Immune system disorders occur when the immune response is inappropriate, excessive, or lacking. Autoimmune disorders develop when the immune system destroys normal body tissues. This is caused by a hypersensitivity reaction similar to allergies, where the immune system reacts to a substance that it normally would ignore. In allergies, the immune system reacts to an external substance that would normally be harmless. With autoimmune disorders, the immune system reacts to normal "self" body tissues.

Normally, the immune system is capable of differentiating "self" from "non-self" tissue. Some immune system cells (lymphocytes) become sensitized against "self" tissue cells, but these faulty lymphocytes are usually controlled (suppressed) by other lymphocytes. Autoimmune disorders occur when the normal control process is disrupted. They may also occur if normal body tissue is altered so that it is no longer recognized as "self." The mechanisms that cause disrupted control or tissue changes are not known. One theory holds that various micro organisms and drugs may trigger some of these changes, particularly in people with a genetic predisposition to an autoimmune disorder.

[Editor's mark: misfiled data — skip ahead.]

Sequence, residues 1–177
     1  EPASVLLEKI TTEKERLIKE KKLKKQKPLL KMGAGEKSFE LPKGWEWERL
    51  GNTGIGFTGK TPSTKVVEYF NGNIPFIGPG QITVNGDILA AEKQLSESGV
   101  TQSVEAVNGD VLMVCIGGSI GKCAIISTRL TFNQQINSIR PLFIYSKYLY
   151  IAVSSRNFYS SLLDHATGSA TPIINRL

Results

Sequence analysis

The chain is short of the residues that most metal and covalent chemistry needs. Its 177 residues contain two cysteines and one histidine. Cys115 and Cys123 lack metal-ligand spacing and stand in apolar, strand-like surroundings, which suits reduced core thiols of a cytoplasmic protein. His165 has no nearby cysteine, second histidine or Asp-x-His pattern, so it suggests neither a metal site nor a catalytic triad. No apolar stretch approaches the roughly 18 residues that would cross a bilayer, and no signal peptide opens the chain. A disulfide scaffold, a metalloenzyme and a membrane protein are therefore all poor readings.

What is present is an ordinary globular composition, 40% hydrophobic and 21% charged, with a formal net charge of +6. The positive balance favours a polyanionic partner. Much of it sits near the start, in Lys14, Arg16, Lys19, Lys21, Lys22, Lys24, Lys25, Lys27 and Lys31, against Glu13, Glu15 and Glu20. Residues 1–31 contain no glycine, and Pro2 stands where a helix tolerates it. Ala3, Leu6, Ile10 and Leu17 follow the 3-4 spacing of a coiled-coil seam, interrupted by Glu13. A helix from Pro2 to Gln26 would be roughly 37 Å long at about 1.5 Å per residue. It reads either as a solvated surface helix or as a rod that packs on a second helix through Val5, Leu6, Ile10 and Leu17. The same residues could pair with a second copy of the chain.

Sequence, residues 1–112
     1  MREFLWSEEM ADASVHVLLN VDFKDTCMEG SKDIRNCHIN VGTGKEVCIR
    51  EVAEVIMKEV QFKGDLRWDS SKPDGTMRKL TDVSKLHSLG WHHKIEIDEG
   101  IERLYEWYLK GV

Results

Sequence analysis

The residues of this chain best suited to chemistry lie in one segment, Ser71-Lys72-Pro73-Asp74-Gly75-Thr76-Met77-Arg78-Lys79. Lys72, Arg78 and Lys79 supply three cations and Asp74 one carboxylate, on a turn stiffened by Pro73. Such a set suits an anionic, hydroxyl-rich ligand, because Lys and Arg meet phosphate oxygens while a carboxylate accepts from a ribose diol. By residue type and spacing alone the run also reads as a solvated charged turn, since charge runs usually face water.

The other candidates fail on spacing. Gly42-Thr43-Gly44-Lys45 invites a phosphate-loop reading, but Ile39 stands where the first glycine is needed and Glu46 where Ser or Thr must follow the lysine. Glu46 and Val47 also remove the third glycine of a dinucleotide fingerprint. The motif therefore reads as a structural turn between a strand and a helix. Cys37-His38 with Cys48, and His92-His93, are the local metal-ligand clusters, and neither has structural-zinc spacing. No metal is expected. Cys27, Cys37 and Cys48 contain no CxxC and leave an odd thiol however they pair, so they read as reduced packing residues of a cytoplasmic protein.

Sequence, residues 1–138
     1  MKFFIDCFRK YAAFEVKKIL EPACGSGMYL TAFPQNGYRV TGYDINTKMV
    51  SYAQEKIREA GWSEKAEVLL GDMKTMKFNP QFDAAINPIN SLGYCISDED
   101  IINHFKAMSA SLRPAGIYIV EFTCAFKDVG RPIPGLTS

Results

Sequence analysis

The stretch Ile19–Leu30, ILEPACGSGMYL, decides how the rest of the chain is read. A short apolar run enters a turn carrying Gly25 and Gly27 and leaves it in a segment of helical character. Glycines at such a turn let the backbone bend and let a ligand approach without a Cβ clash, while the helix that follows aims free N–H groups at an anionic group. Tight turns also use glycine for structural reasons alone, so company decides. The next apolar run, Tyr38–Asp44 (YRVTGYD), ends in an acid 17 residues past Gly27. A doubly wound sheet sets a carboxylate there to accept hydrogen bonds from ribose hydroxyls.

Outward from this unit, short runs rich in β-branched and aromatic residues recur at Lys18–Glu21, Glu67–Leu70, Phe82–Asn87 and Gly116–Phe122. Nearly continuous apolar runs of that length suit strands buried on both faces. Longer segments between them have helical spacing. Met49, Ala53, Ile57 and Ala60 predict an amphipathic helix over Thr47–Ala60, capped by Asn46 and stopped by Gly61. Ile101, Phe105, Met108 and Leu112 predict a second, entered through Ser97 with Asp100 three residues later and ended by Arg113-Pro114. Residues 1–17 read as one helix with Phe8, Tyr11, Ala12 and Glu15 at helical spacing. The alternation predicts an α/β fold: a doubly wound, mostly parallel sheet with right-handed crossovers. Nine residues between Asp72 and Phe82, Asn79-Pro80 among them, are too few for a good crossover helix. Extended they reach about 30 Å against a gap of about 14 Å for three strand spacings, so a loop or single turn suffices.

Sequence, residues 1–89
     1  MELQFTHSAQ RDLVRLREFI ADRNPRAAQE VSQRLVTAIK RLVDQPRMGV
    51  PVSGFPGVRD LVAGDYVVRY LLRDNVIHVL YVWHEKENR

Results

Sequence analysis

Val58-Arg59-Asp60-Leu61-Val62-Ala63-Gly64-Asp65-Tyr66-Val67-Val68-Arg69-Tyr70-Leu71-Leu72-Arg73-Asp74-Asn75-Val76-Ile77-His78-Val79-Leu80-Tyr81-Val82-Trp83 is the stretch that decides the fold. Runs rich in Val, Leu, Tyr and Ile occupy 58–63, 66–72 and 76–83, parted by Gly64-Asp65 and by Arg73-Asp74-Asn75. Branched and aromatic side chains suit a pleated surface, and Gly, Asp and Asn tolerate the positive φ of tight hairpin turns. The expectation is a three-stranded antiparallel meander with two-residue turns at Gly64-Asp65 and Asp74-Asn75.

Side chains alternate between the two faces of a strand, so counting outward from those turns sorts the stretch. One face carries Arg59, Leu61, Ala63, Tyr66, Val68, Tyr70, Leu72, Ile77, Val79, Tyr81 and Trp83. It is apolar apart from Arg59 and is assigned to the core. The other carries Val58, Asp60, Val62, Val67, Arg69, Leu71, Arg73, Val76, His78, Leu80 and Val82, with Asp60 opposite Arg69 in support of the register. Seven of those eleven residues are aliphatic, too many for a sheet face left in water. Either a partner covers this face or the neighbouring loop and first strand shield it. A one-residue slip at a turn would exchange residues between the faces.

Palindromic Rheumatism derives its name from the term "palindrome" — a word that is spelled the same forward as backward (examples include "kayak" and "mom") — emphasizing how the illness begins and ends in a similar way. It is a rare type of inflammatory arthritis that causes sudden inflammation in one or several joints, lasts a few hours or up to a few days, and then goes away completely. The problem usually involves 2 or 3 joints, which have onset over hours and last days - weeks, before subsiding. However episodes of recurrence form a pattern, with symptom free periods between attacks lasting for weeks to months. The large joints are most commonly involved. The soft tissues are also involved with the swelling of the periarticular tissues, especially heel pads and the finger pads.